During WW2, as a conscientious objector, Cecil served with the RAMC in India and Burma, at one point operating on the Viceroy’s leg in Peshawar. His call to priesthood was motivated by seeing a river full of bodies during the Bengal Famine.
After ordination, with CMS he served in India as a missionary (at Bishops College Calcutta) before becoming Asia Secretary for CMS and then later returning to India at the time of the United Churches experience (1970). He married Katrina, a Church of Scotland missionary in India and had three boys
Volley Ball at Bishops College Calcutta
Here was someone else who had travelled some of the same ancient pathways for CMS in Asia. He loved music (he was also an accomplished pianist - we heard a 1937 recording Cecil played of Chopin's Scherzo in C minor, Op 39) and walking, poetry and watercolour painting – somethings I just aspire to rather than actually achieve.
In UK, he was also heavily involved in the New Jerusalem Bible project and worked as a parish priest in Marden in the 1980s. He has written a number of books including Reader on Indian Christian Theology and The Translators Freedom.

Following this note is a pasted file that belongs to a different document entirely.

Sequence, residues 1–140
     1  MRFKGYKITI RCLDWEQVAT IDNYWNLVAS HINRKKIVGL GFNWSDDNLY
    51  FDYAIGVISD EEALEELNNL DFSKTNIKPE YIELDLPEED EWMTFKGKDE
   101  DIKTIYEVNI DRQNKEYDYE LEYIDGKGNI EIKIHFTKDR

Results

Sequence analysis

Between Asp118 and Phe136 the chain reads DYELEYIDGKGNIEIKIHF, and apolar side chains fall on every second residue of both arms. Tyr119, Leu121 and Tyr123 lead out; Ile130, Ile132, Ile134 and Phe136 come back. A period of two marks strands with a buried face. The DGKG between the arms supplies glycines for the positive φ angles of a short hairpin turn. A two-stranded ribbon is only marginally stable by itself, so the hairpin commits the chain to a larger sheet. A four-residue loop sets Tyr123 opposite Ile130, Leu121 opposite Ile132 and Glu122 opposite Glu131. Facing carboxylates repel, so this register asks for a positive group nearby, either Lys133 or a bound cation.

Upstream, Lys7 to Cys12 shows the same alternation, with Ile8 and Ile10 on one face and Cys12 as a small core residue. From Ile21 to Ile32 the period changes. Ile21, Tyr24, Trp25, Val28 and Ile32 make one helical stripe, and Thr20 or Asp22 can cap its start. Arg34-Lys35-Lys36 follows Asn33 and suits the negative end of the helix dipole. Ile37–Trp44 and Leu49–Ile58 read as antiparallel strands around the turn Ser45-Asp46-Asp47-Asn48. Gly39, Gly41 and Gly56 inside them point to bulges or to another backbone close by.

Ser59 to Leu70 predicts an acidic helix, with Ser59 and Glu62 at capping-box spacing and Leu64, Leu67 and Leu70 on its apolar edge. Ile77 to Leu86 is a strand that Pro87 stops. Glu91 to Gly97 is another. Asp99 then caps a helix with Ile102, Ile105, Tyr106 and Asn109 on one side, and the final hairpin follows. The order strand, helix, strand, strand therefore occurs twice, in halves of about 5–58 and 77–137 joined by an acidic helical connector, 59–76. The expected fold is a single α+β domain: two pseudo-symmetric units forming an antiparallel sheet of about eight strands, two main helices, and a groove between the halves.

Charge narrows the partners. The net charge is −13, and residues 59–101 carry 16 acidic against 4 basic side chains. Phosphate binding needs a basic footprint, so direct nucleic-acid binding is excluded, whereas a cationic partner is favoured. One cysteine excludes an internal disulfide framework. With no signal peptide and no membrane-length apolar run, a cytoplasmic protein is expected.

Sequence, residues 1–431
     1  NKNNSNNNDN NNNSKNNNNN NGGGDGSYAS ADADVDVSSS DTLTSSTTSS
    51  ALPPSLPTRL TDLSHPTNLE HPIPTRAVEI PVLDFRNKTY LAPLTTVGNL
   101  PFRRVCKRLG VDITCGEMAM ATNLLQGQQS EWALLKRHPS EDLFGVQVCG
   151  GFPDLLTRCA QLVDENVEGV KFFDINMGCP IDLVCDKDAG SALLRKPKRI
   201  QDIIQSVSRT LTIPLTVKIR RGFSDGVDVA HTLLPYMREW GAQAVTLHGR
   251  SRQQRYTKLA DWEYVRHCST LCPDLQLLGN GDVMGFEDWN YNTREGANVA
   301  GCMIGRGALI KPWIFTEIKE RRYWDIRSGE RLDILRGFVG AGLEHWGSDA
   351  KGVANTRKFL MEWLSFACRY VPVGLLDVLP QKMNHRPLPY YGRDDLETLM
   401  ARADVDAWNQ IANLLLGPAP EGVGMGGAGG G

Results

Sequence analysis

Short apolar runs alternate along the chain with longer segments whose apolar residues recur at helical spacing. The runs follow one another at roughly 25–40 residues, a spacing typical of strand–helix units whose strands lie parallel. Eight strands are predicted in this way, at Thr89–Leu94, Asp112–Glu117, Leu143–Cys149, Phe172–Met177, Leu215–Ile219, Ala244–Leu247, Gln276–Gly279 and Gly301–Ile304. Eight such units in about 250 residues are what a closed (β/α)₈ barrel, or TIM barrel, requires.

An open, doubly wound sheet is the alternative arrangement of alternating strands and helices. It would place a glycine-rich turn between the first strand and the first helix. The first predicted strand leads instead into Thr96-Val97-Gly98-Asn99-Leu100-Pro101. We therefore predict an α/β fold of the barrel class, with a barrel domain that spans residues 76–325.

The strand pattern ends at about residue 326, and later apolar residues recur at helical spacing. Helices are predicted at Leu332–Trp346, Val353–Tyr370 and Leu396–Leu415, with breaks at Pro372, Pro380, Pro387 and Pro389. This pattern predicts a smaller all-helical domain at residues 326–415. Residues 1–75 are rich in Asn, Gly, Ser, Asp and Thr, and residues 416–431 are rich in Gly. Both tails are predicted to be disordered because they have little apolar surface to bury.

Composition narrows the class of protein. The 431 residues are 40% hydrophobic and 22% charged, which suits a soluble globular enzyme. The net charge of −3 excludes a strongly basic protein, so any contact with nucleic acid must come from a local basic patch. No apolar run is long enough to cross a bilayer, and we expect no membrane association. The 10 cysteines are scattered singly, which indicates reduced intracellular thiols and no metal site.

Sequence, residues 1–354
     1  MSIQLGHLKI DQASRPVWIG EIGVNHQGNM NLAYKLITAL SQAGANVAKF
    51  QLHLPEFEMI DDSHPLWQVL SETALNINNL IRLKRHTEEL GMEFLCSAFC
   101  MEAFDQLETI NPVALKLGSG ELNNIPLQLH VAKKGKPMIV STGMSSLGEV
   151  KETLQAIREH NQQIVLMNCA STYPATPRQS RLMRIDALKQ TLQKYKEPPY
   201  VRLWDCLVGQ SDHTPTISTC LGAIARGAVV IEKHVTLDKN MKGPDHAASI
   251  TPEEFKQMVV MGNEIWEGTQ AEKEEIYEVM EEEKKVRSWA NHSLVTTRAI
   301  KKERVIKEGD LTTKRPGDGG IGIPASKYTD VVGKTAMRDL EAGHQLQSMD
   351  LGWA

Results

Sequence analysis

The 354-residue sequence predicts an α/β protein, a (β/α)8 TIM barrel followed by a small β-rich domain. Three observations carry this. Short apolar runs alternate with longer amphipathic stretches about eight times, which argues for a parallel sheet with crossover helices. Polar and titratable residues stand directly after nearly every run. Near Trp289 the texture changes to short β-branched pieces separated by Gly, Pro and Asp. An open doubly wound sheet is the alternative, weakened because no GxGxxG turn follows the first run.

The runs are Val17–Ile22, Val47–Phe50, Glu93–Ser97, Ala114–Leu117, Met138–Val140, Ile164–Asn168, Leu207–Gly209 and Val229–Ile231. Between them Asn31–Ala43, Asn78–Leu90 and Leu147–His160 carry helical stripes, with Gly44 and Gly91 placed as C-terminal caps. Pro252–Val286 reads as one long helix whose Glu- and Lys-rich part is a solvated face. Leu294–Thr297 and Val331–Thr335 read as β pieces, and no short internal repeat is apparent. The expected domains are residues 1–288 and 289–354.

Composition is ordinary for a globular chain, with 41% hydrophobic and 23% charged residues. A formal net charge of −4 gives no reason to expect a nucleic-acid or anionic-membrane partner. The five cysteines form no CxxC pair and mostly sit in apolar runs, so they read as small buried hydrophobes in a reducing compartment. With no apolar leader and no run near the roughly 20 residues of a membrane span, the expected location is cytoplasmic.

We were given a copy of his book - The Nazareth Route (Jesus Spirituality of Challenge and Vulnerability) Melrose Books 2008. I look forward to reading it as it explores various route-makers’ and ‘route-finders’, a number from Asia itself.
The CMS archives come up trumps at times like this. Ken the archivist had picked out some papers. I was drawn to one particular quote from CMS Executive Committee, 21st January 1970:
His immediate colleagues learned to look at him as a shrewd counsellor, a keen advocate of truth and justice in all things, an unfailing spring of comic relief and most gracious friend; and his fellow workers in all ranks at the Society’s Headquarters have recognised in him that rare person, a holy and humble man of God'
During the service his youngest son read a poem (cited in the book) a reminder that in all the travelling to turn aside and find the sacred places and memorable moments.
I have seen the sun break through
to illuminate a small field
for a while, and gone my way
and forgotten it. But that was the pearl
of great price, the one field that had
treasure in it. I realize now
that I must give all that I have
to possess it. Life is not hurrying
on to a receding future, nor hankering after
an imagined past. It is the turning
aside like Moses to the miracle
of the lit bush, to a brightness
that seemed as transitory as your youth
once, but is the eternity that awaits you.
The Bright Field by R. S. Thomas